ROAD TEST:

BMW X5 3.0i review

by Ross Finlay (23 April 2001)

Engine
2979cc, 6cylinders
Power
231bhp @5900rpm
Torque
ib/ft @3500rpm
Transmission
5 speed manual
Fuel/CO2
22.2mpg / 305g/km
Acceleration
0-62mph: 8.5sec
Top speed
128mph
Price
From £33301.00 approx
Release date
01/01/2001

Some industry observers thought BMW had lost its marbles when it decided (a) to build a factory in South Carolina and (b) to get involved with off-roaders in an area of the market it had never tackled before. Well, both projects have turned out to be notable successes.

BMW Spartanburg is a major element in livening up the South Carolina economy, with a quality audit much tougher than many established US car plants operate. And the X5 is a top seller in its particular niche of the market.

And what niche would that be? Essentially, it's the one which accommodates luxury 4x4s intended for buyers who don't have the remotest interest in driving off the edge of mountains.

I've always wondered about the value of those super-tough off-road exercises involving vehicles priced at £30,000 and more. Great fun, agreed. But how many real-life owners in their right mind will ever take even a year-old 4x4 of that kind into potentially car-wrecking - even somersault-possible - terrain?

The companies which build executive or luxury class 4x4s have identified a potential ownership among people with a fair amount of spare cash, who like the idea of a strongly built high-set vehicle, mechanically and from an equipment point of view a lot more refined than, say, a Defender, able to double as a town car and as leisure transport, whose toughest off-road task may be to go to a beach or a riverside, or across a gravelled golf course car park.

Off-road purists may curl a lip at this kind of thing, but it has given us some excellent cars, and the X5 is one of the leaders in the sector. It also has plenty of off-road capability in reserve.

Launched as the 4.4i, the X5 has very robust unitary construction, a wide track, a long wheelbase and lightweight suspension similar to the system used on the 7-series saloon. One of its great selling points in North America is that it recorded the best score ever seen in the equivalent of the Euro NCAP crash tests, and that's not a bad recommendation here, either.

Now the X5 is easing down into a lower price category with the arrival of the 3.0i and the 3.0i Sport. But the smaller engine doesn't mean that power is slumping in the power to weight ratio calculations. This is the excellent and recently up-rated straight-six as seen in the 3-series and 5-series ranges, and in the Z3 roadster. Upwards of 230bhp means that there's still plenty of performance available.

And, unlike some other bulky 4x4s, the X5 can use it. The great thing about this car is that it's not an off-roader tamed for road use, rather a fine road car with an off-tarmac capability. It sweeps imperiously along motorways, but it also has fine poise on fast country roads, partly because the centre of gravity is some way below roof level, and it soaks up lumpy tarmac. BMW has also fitted a much more responsive rack and pinion steering system than is available in some of the X5's rivals.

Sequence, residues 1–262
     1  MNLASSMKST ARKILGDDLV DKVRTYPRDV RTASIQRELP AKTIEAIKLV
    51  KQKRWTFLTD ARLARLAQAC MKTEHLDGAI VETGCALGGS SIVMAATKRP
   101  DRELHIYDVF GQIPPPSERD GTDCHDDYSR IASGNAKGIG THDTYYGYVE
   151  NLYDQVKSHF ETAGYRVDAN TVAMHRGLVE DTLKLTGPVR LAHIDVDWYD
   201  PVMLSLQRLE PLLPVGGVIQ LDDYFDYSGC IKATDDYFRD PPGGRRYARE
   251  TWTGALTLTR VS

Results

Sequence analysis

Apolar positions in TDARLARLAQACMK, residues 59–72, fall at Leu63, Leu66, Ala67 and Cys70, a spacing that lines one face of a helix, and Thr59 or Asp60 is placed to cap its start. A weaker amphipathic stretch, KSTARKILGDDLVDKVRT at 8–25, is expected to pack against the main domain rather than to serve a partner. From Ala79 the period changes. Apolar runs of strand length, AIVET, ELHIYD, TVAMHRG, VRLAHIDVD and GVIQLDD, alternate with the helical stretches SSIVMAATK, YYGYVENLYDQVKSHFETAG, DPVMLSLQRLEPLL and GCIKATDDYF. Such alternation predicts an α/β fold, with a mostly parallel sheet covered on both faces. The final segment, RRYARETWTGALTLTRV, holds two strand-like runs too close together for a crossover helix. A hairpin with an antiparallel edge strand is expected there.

The interior is roomy, and far more sophisticated than you find in some 4x4s at much higher prices. Driver and passengers have the elevated view of the road, and of other people's properties, which is one of the charms of 4x4 motoring.

A five-speed manual transmission is standard, but there's the extra-cost option of a five-speed Steptronic which offers such lovely, slurred changes as a full automatic that I wouldn't bother much about the sequential mode.

The horizontally split tailgate may obstruct the view through the rear-view mirror, at least as far as showing up the lights of a car immediately behind is concerned, but it's a practical design with a proper load-bearing lower half. A pull-out floor, as on the BMW Touring, is another option.

For off-roading, the X5 has a high ground clearance, an aluminium sump guard, dynamic stability control, an automatic, electronically operated differential brake and so on, but no transfer box. BMW skipped that and fitted hill descent control, as pioneered by its one-time subsidiary Land Rover.

There's a Sport specification at a premium of £1900. It includes 19" alloy wheels, revised suspension settings, a multi-function steering wheel, electrically operated sports seats with memory, and various trim enhancements. But the standard car is stylish, well-equipped and well turned out, and it's better value than several bloated-price rivals.

445stars

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